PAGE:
Meet Katrina

Katrina (she/her) had always been involved in contemporary dance and was in her second year of a social work program at Ryerson when she found her eating disorder was becoming a serious issue. This is her story. 

Katrina is smiling into the camera. She is wearing a grey shirt.

Katrina lived in Vancouver until she relocated to Toronto at 17. She was researching accessible resources online that she could attend without a referral. Sheena’s Place was the first place she tried. 

“Walking in the door the first time, I felt extremely nervous”, she said. Once inside though, she found the house homey and comforting. “It felt like a safe space.” The facilitators were welcoming and kind and she always left the group feeling safe. 

She ended up meeting some of her best friends at Sheena’s Place. She felt it was sincerely a place of care and love, where she could find advocacy to validate her feelings and was able to receive hands on support. 

She feels the Young Adult Group to be particularly supportive, along with workshops on specific skills and experiences she hadn’t had a chance to have in the past. Katrina said if it were possible she’d like to see more specific programs focused on athletes as she feels her dance has contributed in a large way to her recovery, as well as new workshops on maintaining recovery. 

Katrina shared some tips that have helped her on her road to recovery. First of all, she recommends finding a trusted friend or family member you can talk to openly about your feelings. The next thing that has been instrumental for her are the groups and workshops she’s attended at Sheena’s Place. She feels these have given her a platform of support to develop basic coping skills, resilience and empowerment.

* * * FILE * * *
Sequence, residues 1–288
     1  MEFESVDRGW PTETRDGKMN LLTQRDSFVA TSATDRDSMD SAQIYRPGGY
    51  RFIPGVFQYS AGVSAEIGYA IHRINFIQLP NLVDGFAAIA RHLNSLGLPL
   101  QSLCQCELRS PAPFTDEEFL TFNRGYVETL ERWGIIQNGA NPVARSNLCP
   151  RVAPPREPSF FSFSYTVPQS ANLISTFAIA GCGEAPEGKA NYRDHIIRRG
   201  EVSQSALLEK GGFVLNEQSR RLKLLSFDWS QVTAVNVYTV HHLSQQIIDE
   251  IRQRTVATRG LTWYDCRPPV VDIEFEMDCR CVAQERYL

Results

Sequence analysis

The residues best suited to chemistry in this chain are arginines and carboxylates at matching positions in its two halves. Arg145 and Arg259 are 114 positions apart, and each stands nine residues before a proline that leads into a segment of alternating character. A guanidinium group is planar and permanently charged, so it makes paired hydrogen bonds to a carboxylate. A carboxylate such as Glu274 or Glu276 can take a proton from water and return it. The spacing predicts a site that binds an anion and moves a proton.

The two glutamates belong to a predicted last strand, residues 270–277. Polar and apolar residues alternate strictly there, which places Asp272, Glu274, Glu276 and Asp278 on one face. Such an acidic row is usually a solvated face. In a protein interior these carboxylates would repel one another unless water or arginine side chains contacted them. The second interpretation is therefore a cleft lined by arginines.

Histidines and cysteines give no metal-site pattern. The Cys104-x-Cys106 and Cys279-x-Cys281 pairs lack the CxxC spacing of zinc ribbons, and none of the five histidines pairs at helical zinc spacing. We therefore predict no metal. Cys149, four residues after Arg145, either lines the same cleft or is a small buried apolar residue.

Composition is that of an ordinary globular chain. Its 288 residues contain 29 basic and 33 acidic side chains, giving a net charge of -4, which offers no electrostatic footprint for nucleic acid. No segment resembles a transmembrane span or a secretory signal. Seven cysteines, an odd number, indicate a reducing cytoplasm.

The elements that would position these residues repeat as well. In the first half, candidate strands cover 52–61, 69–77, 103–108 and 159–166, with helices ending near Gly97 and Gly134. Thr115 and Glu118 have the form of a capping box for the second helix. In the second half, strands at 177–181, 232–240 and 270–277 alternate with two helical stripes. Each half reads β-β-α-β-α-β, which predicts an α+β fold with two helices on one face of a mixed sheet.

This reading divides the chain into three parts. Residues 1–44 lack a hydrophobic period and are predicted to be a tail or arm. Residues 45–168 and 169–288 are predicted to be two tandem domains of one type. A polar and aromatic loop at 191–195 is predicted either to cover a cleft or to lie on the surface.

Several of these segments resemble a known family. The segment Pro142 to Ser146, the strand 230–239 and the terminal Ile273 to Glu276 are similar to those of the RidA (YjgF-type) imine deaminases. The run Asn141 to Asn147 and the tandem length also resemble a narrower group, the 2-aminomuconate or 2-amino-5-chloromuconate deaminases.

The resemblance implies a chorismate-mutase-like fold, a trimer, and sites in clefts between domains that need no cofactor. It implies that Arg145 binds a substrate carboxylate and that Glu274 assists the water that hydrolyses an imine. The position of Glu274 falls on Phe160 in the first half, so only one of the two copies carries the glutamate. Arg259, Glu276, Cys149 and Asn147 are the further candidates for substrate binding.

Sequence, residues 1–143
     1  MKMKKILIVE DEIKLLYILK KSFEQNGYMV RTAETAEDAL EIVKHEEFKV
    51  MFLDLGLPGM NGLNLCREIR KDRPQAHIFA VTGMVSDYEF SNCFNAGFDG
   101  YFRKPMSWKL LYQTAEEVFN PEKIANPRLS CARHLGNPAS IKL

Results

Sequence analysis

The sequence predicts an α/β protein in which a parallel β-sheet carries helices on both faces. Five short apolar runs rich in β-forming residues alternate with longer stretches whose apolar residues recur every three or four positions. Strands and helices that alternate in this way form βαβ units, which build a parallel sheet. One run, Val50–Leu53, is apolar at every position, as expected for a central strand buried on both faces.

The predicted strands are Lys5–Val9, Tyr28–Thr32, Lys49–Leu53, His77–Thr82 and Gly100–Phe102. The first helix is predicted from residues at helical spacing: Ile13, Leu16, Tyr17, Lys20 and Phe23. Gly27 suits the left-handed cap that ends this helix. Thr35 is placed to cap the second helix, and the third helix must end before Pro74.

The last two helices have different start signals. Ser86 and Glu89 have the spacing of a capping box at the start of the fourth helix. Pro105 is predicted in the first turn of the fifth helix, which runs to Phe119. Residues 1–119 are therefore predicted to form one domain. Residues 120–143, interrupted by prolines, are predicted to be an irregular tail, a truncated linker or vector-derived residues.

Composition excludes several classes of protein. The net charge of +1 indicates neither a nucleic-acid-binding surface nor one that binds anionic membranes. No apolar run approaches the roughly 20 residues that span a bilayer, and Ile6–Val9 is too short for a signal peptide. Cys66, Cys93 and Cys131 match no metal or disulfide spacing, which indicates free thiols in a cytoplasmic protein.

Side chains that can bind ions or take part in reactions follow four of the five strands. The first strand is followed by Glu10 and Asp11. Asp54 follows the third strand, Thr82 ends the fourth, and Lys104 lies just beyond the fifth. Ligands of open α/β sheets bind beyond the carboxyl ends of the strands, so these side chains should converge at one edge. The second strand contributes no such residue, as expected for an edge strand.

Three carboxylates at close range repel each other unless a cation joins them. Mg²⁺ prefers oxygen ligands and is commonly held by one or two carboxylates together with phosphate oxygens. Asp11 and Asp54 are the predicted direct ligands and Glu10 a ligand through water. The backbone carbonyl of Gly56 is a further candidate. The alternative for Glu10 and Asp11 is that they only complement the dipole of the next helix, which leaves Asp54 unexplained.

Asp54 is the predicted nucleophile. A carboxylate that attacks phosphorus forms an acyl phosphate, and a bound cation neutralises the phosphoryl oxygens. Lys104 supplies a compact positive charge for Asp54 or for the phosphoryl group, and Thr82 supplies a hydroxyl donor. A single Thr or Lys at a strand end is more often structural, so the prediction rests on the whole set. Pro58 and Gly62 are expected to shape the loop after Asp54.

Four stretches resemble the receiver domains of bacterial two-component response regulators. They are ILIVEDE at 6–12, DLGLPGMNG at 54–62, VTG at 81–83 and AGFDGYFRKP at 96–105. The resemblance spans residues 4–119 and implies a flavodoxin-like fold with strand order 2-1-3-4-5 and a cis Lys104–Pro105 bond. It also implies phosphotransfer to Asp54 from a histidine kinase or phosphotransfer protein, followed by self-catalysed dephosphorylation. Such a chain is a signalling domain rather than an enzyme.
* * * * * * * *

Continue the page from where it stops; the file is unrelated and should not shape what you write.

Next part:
Another thing she isn’t shying away from is telling her to story to contribute to breaking down the stigmas associated with eating disorders. Her goal is to take the skills she’s learned to empower others and assist them in getting access to the support they so desperately need. 

As a society in general, she has some suggestions for helping to break down the stigmas. “We have to realize and take seriously that we all come in different sizes. Spread awareness based on fact. Don’t listen to or spread fat phobic jokes.”

Most importantly, she wants to let people know that Sheena’s Place is a safe place. One where you learn to accept yourself and give yourself access to the resources you need to engage in your recovery. 

In conclusion, she wants others to know:“Sheena’s Place has my full gratitude. They probably saved my life by giving me the support I needed. And for that I will always be grateful.”